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Warrior Mama

As mamas, we battle the ever present lies of our adversary.



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I tearfully looked around my office and said one last goodbye. Goodbye to the television endlessly streaming cable news headlines I may or may not need to respond to. Goodbye to the phone constantly ringing off the hook with reporters needing a comment. Goodbye to the clunky cabinet full of news clippings, press releases, editorials and letters to the editor — many of which I’d spent way too much time obsessing over. And goodbye to wonderful co-workers. Men and women I’d bonded with in worthwhile battles.

The seven years I spent at a ministry helping communicate biblical truth about challenging, controversial issues were ones steeped in the trenches. Every interview, every debate with a talking head, every editorial and every press conference seemed to carry with it the weight of an intense spiritual battle for hearts and minds.

Now, I was going home to a beautiful, doe-eyed girl intent upon waging her own war against my sleep patterns.

On my last day in the office, a dear colleague wisely told me, “God is just moving you to another division in His army.” She was right.

The battlefield I was headed towards was every bit as real as the one I had just left.

I love C.S. Lewis’ simple, yet profound depiction of spiritual warfare. “There is no neutral ground in the universe. Every square inch, every split second is claimed by God and counterclaimed by Satan.”

So too is every square inch of motherhood.

These days, the grocery store is often my battleground. I feel it keenly almost every time I run in to pick up some diapers. With all five of my children. The looks and comments I receive are often insensitive and discouraging. The root lie, however, lurking beneath is an insidious, destructive arrow.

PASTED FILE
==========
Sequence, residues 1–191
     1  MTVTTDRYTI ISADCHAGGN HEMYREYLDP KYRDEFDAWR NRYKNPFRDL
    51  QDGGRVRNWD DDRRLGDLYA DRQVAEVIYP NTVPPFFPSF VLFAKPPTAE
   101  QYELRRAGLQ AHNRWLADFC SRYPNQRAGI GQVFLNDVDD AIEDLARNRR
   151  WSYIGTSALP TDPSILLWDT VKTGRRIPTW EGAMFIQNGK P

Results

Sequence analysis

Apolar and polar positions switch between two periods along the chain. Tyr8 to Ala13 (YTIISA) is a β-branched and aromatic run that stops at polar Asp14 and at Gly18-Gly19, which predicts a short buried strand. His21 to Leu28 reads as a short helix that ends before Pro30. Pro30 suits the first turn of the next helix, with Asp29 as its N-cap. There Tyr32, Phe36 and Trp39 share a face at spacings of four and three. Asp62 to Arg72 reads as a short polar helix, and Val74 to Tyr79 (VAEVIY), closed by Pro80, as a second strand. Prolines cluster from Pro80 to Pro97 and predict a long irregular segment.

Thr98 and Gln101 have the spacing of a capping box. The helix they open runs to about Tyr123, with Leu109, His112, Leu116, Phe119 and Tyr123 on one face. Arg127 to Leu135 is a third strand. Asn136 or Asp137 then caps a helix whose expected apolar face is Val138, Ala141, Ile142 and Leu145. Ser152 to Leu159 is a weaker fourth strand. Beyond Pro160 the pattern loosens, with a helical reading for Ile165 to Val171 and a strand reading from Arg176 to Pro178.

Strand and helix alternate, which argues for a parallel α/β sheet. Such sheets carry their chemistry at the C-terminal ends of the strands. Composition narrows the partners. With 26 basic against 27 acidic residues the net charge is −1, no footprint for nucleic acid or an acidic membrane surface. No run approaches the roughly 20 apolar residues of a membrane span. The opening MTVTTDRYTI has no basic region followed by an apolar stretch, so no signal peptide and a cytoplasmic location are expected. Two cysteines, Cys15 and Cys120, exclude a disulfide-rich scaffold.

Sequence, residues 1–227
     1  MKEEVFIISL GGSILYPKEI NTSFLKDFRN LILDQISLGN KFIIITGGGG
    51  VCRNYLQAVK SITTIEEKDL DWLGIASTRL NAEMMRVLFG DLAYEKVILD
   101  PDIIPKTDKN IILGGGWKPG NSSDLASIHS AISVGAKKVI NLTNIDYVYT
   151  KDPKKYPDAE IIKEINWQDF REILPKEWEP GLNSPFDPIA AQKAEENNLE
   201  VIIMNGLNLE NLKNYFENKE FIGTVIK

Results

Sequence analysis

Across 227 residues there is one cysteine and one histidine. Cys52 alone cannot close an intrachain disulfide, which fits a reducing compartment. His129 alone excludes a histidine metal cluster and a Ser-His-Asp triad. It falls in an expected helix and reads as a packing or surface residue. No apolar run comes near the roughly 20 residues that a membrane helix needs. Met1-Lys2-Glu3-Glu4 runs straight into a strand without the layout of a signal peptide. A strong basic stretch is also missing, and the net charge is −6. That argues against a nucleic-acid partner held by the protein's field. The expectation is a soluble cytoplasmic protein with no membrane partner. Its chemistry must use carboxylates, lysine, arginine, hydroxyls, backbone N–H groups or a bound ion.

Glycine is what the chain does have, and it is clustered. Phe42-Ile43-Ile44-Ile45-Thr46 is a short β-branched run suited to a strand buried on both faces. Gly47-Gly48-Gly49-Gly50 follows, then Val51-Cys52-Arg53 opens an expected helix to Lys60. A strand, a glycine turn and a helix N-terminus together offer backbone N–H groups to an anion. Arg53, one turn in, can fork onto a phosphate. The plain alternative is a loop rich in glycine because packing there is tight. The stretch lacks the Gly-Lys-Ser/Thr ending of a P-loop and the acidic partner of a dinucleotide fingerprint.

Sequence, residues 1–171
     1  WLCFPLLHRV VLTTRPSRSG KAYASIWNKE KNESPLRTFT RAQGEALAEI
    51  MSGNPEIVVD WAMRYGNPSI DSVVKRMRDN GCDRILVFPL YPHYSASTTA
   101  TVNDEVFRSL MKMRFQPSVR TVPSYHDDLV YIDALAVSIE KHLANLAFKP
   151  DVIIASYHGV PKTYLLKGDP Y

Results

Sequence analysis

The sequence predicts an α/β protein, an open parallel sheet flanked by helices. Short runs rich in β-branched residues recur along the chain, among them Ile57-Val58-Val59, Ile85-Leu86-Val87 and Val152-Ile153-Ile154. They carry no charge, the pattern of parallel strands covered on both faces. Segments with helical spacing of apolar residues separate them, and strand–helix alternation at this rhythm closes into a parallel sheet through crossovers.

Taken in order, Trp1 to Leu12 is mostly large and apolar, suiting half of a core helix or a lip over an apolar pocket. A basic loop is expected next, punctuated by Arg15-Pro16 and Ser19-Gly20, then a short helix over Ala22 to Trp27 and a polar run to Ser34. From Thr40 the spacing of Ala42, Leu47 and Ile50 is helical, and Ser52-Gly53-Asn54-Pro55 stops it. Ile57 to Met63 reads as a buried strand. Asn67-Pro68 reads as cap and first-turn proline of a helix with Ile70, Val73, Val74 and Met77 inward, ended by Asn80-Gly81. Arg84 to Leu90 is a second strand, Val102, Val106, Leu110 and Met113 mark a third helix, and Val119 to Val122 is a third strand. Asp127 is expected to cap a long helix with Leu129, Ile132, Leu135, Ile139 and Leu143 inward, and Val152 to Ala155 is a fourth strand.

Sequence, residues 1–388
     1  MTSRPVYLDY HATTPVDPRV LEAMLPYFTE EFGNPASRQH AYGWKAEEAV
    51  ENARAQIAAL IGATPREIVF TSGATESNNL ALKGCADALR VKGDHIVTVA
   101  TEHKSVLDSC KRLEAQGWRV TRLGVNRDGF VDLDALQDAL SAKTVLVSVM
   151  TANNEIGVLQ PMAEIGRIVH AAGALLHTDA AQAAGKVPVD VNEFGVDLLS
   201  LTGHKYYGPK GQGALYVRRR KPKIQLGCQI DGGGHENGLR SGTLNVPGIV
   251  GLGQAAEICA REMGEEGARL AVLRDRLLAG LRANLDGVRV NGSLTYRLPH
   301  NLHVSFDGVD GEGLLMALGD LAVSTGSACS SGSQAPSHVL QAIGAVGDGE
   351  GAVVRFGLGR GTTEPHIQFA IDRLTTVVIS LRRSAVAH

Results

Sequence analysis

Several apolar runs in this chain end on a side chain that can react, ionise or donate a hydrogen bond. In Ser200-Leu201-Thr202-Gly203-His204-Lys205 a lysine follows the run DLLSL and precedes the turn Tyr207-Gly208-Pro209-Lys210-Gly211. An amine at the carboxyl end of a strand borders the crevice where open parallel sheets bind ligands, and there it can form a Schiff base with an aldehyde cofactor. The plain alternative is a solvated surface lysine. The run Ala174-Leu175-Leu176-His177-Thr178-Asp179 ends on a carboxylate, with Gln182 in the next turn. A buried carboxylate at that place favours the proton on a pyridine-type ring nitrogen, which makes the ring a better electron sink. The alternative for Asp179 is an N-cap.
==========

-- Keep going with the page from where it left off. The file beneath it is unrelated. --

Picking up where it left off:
“Are all of these children yours?”

“I’m glad I’m not you.”

“Your poor son. He’s the only boy in this huge group of girls.”

The bewildered, crushed look on my children’s faces is a loud cry to put on my warrior paint. After one such comment, my oldest daughter looked up at me and, crestfallen, asked, “Mommy, what is wrong with us? Why do people say those things?”

“Not everyone knows Jesus, sweetheart,” I responded. “And not everyone believes Him when He said, ‘Children are a blessing.’ But you are. So is every member of our family. God has beautifully put us together and we are grateful.”


Warrior MamaAs mothers, we battle the ever present lies of our adversary — often in a society that belittles the value of our children and tells us our calling is “less than” and that the pleasure and pursuit of self-fulfillment is “more than.”

It’s a lie I battle not just “in the culture,” but in the culture war that rages within myself. Especially after a sleepless night with a little one that no amount of coffee can remedy.

One such morning, I got a phone call from a dear friend and former colleague.

We chatted about all the goings on in her life. Her speaking engagements. Her book proposal. The interviews she was doing with famous authors and notable leaders. The business trips and vacations she’d been taking.

I looked over at my daughter sitting in a tub of water. A tub of water with poop in it. Having endured a night of viral affliction, both she and the water were extra gross. The washing machine was whirring away at ninety miles an hour spinning off nocturnal crap. Frankly, I could have used a Hazmat suit at that very moment.

Jealousy set in. So did that familiar feeling of shame, discontentment and irrelevance.

“You used to be somebody. Now look at you.”

“Don’t you wish you were doing all the cool things she’s doing?”

“Nobody cares about you. You’re just another stay-at-home mom.”

Truth came gently. “For whoever wishes to save his life will lose it, but whoever loses his life for My sake, he is the one who will save it” (Luke 9:24).

War. We are at war.

My fellow moms, the sunken bags under our bloodshot eyes and the stretch marks around our bellies are medals of distinguished service. The kitchen that may never be spotless and that minivan with petrified chicken nuggets in the car seat is part of the war effort. And on the days when battle fatigue threatens to overtake us, we drink in the truth and maybe, another cup of coffee.

Our mission of love and sacrifice calls out to a watching world, inviting them to find the God who is the essence of both. We are gaining strategic ground and changing the course of eternity. By the grace of God, we will advance — one Costco trip, one sippy cup refill, one tough conversation and one diaper change at a time.